When attending counseling for the first time, it’s crucial to understand the process and tools your counselor uses during each session. Communication is a counselor’s strongest resource. Their job is to listen carefully to what you say and provide the feedback you need to explore changing feelings and make progress.
Let’s break down the principles of active listening in emotional counseling so that you can make the most of your sessions by listening actively to your counselor, loved ones, and yourself.
Understanding What You Mean
Sometimes, as humans, we focus more on preparing what we’re going to say next than we do listening to what the other person is saying to us. This habit is entirely normal, especially when the goal of your conversation is to help you process complex thoughts and painful emotions. However, the first step in active listening is to go beyond hearing the other person’s words and take it in and comprehend the meaning of their message.
Counselors need to pay attention and recognize when certain topics hurt, as this signals them to slow down and give you a break. The goal is to help you process, not to push you too far, so counselors work very hard to understand exactly how you feel through the words you use, your body language, and your tone.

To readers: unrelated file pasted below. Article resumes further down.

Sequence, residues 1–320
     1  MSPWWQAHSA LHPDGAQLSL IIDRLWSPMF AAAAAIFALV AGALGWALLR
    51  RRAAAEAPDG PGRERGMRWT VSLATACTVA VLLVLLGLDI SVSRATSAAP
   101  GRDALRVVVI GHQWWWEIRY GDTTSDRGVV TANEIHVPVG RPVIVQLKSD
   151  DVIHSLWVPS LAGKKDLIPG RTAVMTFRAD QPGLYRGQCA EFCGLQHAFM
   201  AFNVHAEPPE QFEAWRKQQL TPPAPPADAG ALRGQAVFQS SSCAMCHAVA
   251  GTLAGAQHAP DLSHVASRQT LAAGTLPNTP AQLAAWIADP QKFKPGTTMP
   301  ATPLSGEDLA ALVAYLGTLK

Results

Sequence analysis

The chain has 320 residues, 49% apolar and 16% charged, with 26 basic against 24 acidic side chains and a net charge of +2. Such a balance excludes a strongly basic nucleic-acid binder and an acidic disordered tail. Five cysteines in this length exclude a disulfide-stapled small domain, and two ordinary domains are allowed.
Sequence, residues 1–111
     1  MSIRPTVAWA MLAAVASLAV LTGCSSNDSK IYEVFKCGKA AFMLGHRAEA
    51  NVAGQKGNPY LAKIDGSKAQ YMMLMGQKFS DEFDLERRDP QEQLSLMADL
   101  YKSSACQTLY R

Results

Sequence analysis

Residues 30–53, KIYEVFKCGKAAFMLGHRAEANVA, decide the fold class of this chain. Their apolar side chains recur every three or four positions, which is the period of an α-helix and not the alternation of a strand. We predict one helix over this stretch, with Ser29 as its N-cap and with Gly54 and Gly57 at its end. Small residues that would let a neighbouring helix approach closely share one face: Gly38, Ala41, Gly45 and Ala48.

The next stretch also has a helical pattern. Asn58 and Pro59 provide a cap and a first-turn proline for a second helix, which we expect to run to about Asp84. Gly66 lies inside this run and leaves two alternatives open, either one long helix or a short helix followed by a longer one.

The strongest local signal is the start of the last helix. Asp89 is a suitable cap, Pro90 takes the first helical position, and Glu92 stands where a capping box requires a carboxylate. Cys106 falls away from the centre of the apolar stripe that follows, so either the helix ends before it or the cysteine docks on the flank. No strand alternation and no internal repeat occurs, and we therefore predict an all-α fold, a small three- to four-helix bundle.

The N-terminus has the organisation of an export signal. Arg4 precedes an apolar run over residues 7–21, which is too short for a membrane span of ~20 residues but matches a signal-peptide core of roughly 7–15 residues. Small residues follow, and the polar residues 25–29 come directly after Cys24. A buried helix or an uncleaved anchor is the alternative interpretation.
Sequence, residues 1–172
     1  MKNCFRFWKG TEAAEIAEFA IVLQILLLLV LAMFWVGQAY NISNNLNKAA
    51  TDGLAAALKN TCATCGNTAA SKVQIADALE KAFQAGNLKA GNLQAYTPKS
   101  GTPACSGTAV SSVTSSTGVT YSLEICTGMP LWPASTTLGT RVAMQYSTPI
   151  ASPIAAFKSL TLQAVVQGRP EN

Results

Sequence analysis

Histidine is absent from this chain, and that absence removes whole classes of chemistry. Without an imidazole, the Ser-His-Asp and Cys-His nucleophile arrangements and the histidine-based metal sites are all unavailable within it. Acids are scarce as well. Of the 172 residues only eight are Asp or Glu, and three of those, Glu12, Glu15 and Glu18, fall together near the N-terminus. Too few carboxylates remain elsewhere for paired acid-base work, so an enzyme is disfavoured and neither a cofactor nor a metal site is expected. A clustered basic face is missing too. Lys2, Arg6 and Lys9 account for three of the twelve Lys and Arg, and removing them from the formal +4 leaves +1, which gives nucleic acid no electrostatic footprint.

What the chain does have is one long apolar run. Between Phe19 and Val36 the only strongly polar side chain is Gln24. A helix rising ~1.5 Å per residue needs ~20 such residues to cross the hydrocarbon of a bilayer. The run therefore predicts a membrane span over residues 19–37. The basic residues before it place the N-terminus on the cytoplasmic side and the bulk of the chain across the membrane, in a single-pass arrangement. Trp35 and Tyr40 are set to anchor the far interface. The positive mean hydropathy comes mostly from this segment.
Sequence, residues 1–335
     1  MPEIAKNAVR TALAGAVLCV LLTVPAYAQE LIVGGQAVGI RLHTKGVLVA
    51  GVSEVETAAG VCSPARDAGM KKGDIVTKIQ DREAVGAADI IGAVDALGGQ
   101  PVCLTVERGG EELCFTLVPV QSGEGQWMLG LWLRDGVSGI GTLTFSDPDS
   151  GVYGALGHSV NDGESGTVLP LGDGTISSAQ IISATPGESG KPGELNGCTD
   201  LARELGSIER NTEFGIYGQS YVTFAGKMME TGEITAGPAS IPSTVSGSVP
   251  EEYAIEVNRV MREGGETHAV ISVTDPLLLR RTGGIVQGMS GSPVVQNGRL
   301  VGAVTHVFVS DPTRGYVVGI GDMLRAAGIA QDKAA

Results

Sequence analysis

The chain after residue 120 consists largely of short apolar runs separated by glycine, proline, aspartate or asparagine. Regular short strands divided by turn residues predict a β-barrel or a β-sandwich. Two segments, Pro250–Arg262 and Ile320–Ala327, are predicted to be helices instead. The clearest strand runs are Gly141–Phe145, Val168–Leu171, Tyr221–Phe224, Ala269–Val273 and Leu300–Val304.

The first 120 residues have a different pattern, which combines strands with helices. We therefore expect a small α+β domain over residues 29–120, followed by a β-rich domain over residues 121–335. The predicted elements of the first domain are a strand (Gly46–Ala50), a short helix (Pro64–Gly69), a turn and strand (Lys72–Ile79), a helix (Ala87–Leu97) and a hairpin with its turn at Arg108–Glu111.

Recalling and Connecting With Your Message
When we speak, we don’t always communicate our whole ideas in organized, structured patterns. That’s why the next important principle of active listening is remembering. Often, this element manifests as your counselor or loved one rephrasing what you’ve said, summarizing your point, or asking for clarification. The goal is to gradually, with your help, build a more complete picture of your thoughts.
Checking in with you to make sure they understand and remember what you’ve said is your counselor’s way of ensuring that all dots connect for you both. These moments of reflection and questions often help you reach new conclusions, so look for rephrasing moments, and hear how your message is coming across to others.
Responding to Your Thoughts
Finally, once you’ve communicated your idea, thought, or feeling, it’s your counselor’s turn to provide feedback. This response can be a question about what you’ll do, a suggestion for how to move forward, or a chance to provide a valuable resource to you and your loved ones.
Being in or having a loved one in hospice is not an issue you can solve, so that is not an emotional counselor’s mission. Instead, the purpose of a counselor’s feedback here is to help you find peace, comfort, and enjoyment in life. Getting there means working through complex emotions, but the reward of hard work is relief from the weight on your shoulders, whether it is worry, fear, grief, or pain.
Having a counselor who incorporates the principles of active listening in emotional counseling in a way that works for you is important. At Soulistic Hospice, our team includes a variety of counselors who are happy to help you and your loved one find comfort and strength during end-of-life care. If you have questions about the emotional counseling services we offer, feel free to contact us at any time.